Stock Works 29

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25 AM 15827/18
Mick Quilliam Tengenowa - The Red One 2018
Acrylic on canvas
820 x 1530mm

From Land of the Sleeping Gods, pp. 111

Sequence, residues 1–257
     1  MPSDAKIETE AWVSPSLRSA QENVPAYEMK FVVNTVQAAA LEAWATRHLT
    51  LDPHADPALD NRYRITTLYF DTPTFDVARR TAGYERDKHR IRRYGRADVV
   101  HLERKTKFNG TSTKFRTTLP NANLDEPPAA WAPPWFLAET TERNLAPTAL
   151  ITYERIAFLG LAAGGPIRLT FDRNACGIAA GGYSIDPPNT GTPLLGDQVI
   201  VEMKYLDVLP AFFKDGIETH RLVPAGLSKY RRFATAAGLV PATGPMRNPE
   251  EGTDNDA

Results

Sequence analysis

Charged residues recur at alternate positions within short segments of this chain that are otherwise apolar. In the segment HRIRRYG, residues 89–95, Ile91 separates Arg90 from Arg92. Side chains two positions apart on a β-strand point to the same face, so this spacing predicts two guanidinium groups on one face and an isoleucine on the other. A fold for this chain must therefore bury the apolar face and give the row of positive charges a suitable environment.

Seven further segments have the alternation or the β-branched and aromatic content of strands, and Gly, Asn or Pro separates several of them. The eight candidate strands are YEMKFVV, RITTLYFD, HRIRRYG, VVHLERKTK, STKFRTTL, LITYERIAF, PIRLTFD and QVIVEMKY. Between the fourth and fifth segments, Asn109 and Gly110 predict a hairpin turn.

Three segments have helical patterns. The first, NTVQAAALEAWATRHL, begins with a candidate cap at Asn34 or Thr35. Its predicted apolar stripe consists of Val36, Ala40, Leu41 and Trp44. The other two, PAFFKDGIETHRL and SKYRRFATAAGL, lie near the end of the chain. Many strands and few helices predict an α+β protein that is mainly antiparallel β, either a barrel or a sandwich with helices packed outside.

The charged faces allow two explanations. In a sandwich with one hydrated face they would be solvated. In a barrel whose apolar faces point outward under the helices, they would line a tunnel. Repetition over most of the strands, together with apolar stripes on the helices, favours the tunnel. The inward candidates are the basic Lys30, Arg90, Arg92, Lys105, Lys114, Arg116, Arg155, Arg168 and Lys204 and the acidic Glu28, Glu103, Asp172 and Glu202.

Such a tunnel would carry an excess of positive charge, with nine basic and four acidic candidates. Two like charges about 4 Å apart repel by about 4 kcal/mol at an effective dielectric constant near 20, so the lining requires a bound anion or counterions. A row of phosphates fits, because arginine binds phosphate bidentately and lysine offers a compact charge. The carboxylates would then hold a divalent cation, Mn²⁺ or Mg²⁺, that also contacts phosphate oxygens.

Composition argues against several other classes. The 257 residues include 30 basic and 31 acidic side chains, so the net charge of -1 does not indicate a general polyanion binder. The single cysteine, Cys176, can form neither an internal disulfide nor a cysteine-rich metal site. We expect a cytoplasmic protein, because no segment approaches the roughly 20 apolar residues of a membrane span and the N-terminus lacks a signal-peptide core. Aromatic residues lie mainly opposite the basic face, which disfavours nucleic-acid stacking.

Robin Red Breast: Tengenowa, The Red One Culla-Minna, The Mother of All Life, had come to earth to look into a great disaster that had befallen the black swans. There seemed no reason for it as she inspected the weeds and food on which the birds fed. The swans themselves were fat and looked healthy as they flocked around her, yet they died in front of her. When she asked the swans when this dreadful thing had begun, they answered her: a full moon ago. The Mother of All Life was very puzzled. 'Take me to where the very first of your people died,' she said. As one, all the swans rose in the air and surrounded The Mother as she flew with them. When they came to the first dead swan, the Mother of Life was surprised to find that its body looked as if it had only died that very day. Its feathers were still bright, and its eyes still shone. The Mother of Life could not think what had happened to her swans. Had this ever happened before? Had there been any flies or locusts? Had there been a flood or drought? Had there been any high winds? Ah.... Some of the swans stretched their long necks and looked at The Mother curiously. They looked out into the middle of the lagoon, unwilling to talk. At last Robeegana, the swan pen, said she had noticed that every morning a wurly-wind seemed to come out of the sky and go into the middle of the lagoon. She pointed with her long, graceful neck. Then she looked up into the sky. 'It will happen any time now,' she said. 'There is the black cloud that always comes and draws the wurly-wind up into the sky.' There was a single black cloud over the water, and as they watched, the lagoon seemed to explode. Out of it came a huge black shape, twisting and turning furiously as it disappeared up into the cloud. Certainly it could be mistaken for a wurly- wind mixed with water and wisps of black cloud. But The Mother of Life knew that it was her enemy, Cruisere, the stealer of living spirits. Then she knew what had been happening to the swans. Tomorrow she would try her magic and attempt to coax Cruisere back to his home in the Sleeping Lake where Moinee had banished him ages before. The next morning at daylight The Mother of Life stood at the edge of the lagoon. She had seen the black cloud coming and knew that the monster would soon be here to steal the living spirits of the swans. She heard a splash in the water. It was Cruisere. 'Robeegana,' called the Mother. 'Take your swans swiftly far, far away. Come back at sundown.' The swans rose into the air and flew away. 'I know that you are down in that slimy mud where you belong, Cruisere,' she called. 'But this place belongs to the swans. Go back to the black mountain tarn where you must remain for eternity- or I shall come down into the lagoon and drag you out.' After a while she saw his red eyes staring up at her. The Mother of Life was a powerful magician, but Cruisere was her equal. She knew, however, that she would have the help of Dromerdene in her struggle. They fought the long day, thrashing in the water, tearing flesh and sinew until The Mother of Life was spent. At last she had him out of the water, but she lay gasping for breath beneath a silver wattle. Cruisere saw that this was his chance. So powerful was his magic that his wounds healed straight away. He whipped his great tail about The Mother's body to crush the life out of her. As her glazing eyes looked about despairingly, she saw in the wattle tree a little green bird looking down at her. 'His tail, Mother. The tip of his tail is the only place where you can hurt him,' the little bird called. The darkness was closing in on her when she managed to scratch the tip of his great tail. Immediately Cruisere collapsed, and soon he lay helpless on the green margin on the lagoon. The Mother reached up and took the little bird in her trembling hands. Where her fingers touched his head his feathers shone jet-black. 'This was my blackest hour. When I thought all was lost,' said The Mother of Life. She touched the little bird above his beak, and a shining white snowflake appeared above the black bill. 'This was your love for Dromerdene and for me,' she said, 'and a pure light lifting me from despair.' Then she wiped some blood from her wounded breast and stained the little bird's breast. 'This will tell the world how you rescued The Mother of Life from Cruisere, stealer of spirits. Your name will be Tengenowa, the redbreast, forever.'

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